Location: Chakan, Maharashtra, India
The Forbes family, doyens of modern industry in India, have been working out of antiquated, inefficient and chaotic structures, that grew according to need in an ad hoc manner over decades. Typical of the industrial landscape of the Pune metropolitan region, this dulling grey urban landscape arose across the industrial belt, which houses a mixture of Indian and multi-national industries. Sensing the need for change the clients and the architects conceptualized the idea of factories turning into creative work-studios of highly qualified thinker-doers, using high-tech manufacturing. Natural light and trees growing on the workshop floors were amongst the new initiatives employed.
The concept of pollution free, efficient work pavilions, set in a green garden ambiance, was jointly conceived by the architect and the clients, who emerged as patrons of the arts in the process.
The Forbes Marshall Industrial Park, at the new Chakan industrial city in the Pune Metropolitan Region, was conceived to mirror the Forbes Marshall group’s ambitions for high technological and global standards. It was also envisioned as a testament to a social commitment to safety, hygiene and sustainability. Spread over fifty acres, the industrial campus focuses on a central green spine of gardens, water bodies and breakout areas. A new corporate headquarters structure anchors this large space to the eastern entry side, with production units in the form of vast pavilions aligning the gardens. Ancillary activities, like power supply, transport, security, health care, energy management, storage and an extensive Vendor’s Park feed into the production units from a lineal corridor along the southern belt of the site.
The first phase of the campus is composed of two large manufacturing pavilions supported by utility structures and linking roads. Each production pavilion has its integral supporting office spaces facing the garden views in the central garden spine. The work areas are conceived as creative studios, mirroring production flow channels, bringing daylight from vast skylights onto greenery on the working floors.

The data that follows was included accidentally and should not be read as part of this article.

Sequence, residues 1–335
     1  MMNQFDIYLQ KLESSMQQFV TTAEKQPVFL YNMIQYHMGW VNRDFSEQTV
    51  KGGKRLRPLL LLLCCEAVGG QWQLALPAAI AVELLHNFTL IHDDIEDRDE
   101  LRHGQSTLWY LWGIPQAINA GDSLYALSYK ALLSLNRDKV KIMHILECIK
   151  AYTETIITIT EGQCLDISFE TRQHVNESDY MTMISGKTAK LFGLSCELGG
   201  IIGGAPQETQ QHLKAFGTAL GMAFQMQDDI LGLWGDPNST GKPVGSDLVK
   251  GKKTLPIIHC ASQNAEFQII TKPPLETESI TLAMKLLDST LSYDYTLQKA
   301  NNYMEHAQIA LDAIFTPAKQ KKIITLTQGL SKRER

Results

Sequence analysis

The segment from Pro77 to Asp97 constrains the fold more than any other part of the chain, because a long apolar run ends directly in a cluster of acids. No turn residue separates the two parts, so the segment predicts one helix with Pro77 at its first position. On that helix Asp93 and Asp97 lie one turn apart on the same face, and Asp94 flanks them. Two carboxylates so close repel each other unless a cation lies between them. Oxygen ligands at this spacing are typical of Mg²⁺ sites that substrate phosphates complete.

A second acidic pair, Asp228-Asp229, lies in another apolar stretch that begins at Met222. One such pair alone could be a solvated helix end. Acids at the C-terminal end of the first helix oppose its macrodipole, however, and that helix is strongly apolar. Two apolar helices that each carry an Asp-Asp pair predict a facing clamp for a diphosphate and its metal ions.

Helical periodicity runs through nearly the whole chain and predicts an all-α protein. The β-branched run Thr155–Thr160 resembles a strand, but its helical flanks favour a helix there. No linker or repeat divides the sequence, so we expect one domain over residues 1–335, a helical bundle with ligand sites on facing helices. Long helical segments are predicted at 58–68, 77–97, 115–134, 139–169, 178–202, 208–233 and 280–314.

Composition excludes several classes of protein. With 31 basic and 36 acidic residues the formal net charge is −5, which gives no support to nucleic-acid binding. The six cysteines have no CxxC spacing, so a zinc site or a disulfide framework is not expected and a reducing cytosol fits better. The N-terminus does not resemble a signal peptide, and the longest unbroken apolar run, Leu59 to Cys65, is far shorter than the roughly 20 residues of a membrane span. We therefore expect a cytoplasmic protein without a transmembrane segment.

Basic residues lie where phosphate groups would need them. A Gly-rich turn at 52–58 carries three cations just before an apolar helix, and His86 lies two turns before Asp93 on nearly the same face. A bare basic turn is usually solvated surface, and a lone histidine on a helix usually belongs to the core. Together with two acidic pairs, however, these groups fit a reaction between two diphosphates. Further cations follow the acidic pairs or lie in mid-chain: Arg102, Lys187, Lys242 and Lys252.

The intentions and strategies of the design fall within several inter-connected layers of purpose. At a very basic level, each pavilion on the site is a machine for creating national wealth in its own right and, as such, must be functional, efficient, durable and easy to maintain. At another level, all of the structures are players within an overall campus and they have to be situated within that campus system in a manner that optimizes synergies amongst the various parts. On another level the experience of the individual worker and their team members was conceptualized as something green, light and human.
At all times the strategy was to create an urban landscape that is lively, green and welcoming.
The boiler workshop is the first structure to be completed, covering a footprint of over twenty-six thousand square meters, and reaching twenty-three meters in height, materializing as a cathedral for manufacturing processes. The roofing of lightweight aluminum composite sheets, floats on lightweight steel trusses, designed by the architect, over this volume. Skylights running parallel over these triangular trusses illuminate the pavilion floor. The south facade is composed of a vast aluminum jaali, filtering sunlight through a secondary glass wall. This filtered light, combined with the skylights, ensures minimal use of artificial light over the entire workspace. The north edge of the boiler workshop is composed of ground plus first level office units, sanitary facilities, break-out areas, cafes, training areas and amenities overlooking the pavilion’s working spaces, on one side and facing the green campus spine on the other. A playful curved glass wall tempers the edges of these human scale, working areas.
The architects’ ambition was for the most unskilled worker and the most senior manager to feel a sense of pride in their place of work. To quote,
“Positive emotions of pleasant anticipation should swell up as team members approach their place of work each morning. A visitor should feel they are within a vast garden precinct when they reach the Forbes Marshall campus. While knowing it is a global enterprise, signifiers must inform them that they are in a place called Pune.”
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